Derbyshire councils have plans to spend half a million pounds of taxpayer money in an attempt to avoid an official merger.
Most of the major councils in Derbyshire have formed together to create Vision Derbyshire, which represents an alternative pitch to government instead of a formal merger into a “super council”.
The proposed partnership – instead of a merger – is estimated to provide between £20 million to £66 million in organisational benefits and £1.08 billion in wider system benefits.
It says a joint approach to complex challenges will “undoubtedly result in better outcomes for people and place and savings”.
However, it is an incomplete picture with Derby City Council dropping out early on and it now appears that South Derbyshire District Council has also dropped out of the partnership.
The remaining seven district councils and Derbyshire County Council are forging ahead and are seeking to pool £436,248 of taxpayer money to fund the creation of six new jobs to oversee the partnership.
Of this funding, 40 per cent would be paid for through the county council – a total of £174,499.
Meanwhile, the remaining 60 per cent will be split equally between the district councils. Depending on how many continue to sign-up to the partnership, this would cost each authority up to £52,350.
A report on the issue, to be discussed by Derbyshire Dales District Council later this week, says the partnership: “Presents a unique opportunity for the council to participate in the further development and implementation of an innovative and collaborative approach for Derbyshire and a delivery programme which will support the achievement of key council priorities which will ultimately benefit local people in the Derbyshire Dales and Derbyshire as a whole.
“The ability to pool resources on the programme is likely to deliver significant benefits across a range of activities.”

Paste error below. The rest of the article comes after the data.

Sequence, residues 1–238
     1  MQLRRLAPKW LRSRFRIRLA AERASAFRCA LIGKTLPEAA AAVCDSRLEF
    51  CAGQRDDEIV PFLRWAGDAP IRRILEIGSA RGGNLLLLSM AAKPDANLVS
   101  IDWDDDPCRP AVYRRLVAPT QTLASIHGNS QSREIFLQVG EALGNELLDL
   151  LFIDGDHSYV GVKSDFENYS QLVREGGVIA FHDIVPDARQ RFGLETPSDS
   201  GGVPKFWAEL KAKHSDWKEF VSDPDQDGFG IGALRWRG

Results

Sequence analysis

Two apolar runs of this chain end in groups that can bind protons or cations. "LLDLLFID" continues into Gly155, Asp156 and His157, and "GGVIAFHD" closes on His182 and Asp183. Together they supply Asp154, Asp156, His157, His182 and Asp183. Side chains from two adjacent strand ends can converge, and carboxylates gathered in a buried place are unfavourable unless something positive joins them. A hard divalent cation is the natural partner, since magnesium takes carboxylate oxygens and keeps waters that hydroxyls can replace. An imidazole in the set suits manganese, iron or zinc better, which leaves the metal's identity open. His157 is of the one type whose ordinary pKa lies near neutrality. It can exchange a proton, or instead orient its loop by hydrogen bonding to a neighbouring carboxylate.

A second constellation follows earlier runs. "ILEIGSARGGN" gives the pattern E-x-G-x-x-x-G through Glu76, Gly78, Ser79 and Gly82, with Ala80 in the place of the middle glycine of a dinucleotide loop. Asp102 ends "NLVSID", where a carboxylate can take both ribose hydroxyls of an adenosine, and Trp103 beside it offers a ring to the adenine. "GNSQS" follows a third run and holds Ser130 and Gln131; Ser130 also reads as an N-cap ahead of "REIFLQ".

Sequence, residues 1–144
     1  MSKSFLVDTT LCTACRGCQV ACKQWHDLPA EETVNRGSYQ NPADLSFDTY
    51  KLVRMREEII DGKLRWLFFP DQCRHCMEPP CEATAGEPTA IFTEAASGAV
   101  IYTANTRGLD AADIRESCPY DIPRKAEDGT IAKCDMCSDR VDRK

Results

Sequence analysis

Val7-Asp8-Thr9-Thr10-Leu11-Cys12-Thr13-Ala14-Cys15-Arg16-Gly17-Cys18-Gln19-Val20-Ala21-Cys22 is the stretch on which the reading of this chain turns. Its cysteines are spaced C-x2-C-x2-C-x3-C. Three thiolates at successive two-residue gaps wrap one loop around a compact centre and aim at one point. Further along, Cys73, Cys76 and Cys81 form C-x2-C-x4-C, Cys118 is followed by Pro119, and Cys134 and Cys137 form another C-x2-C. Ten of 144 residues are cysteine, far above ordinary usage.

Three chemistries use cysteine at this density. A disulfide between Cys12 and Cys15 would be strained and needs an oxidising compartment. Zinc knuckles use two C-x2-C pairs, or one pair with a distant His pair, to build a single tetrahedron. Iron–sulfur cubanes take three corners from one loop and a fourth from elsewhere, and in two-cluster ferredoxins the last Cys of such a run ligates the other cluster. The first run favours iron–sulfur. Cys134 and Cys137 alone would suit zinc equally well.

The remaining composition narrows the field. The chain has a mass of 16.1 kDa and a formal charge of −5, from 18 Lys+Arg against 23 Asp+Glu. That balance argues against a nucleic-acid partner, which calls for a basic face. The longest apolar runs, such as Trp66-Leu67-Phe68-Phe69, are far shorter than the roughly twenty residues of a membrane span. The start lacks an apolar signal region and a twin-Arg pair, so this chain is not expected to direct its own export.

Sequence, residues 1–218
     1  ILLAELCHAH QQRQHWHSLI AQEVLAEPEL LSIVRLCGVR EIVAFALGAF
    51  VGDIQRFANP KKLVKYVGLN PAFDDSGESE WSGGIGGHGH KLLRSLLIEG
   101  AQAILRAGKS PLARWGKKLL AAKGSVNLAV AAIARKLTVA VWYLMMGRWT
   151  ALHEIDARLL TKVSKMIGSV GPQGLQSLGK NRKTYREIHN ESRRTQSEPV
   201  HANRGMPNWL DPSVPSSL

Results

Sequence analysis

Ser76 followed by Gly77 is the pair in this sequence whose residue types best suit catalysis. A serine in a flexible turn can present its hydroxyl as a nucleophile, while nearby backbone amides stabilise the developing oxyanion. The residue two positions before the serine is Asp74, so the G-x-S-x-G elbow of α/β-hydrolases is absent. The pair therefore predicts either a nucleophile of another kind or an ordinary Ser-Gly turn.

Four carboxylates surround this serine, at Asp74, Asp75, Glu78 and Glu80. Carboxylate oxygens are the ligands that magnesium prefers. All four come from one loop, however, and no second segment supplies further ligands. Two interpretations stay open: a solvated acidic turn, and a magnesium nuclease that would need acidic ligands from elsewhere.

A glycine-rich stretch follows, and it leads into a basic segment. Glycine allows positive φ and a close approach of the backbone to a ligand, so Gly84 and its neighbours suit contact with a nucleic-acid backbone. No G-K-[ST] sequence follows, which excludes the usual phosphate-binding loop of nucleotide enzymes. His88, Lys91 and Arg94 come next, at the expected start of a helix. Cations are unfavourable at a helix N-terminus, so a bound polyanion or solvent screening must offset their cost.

Through the nearly half a million pound of funding, there would be a new “programme team” with its own £100,000 budget with an extra £30,000 for communications and £10,000 for equipment and travel.
The programme team would include:
- A programme manager paid a total of £60,392, including oncosts
- Four senior project offices, each paid £42,129, including oncosts
- A communications officer, paid £42,129, including oncosts
- A admin support officer, paid £25,212, including oncosts
A report on the issue says councils who do not pay up can still “have a seat round the table” but will have limited voting rights.
The partnership has set key priorities, including careers, a festival of business, social mobility, homelessness, domestic abuse, climate change and independent living.
Vision Derbyshire was the preferred option taken forward by the majority of councils in the county as an alternative to a formal merger of them all.
This could involve district councils and the county and city councils being scrapped and then holding an election for a new super council to govern the whole county.
Central government has gone back to the drawing board and put on pause plans for policies on unitary councils and local government reorganisation.
This has left the Vision Derbyshire plan proceeding as normal, with no say yet if it will be deemed sufficient to meet demands from central government to reform the system of councils.
Alternative options are for Derby to widen and absorb a larger area and for districts in the rest of the county to merge in with the county council – making two large councils for Derbyshire.
Leaders and officers are split across the political divide on this issue, with leading councillors even within the same party having different views on whether this would benefit residents.
The main concern has been a loss of local interaction from a council which may be plainly out of touch with its residents, due to the sheer size of Derbyshire – stretching 62 miles from Glossop in the High Peak to Swadlincote in South Derbyshire.
Meanwhile, the pros in favour of the super authorities include the ability to save on costs and the potential for smoother operations of, for instance, bin collections and house planning policies.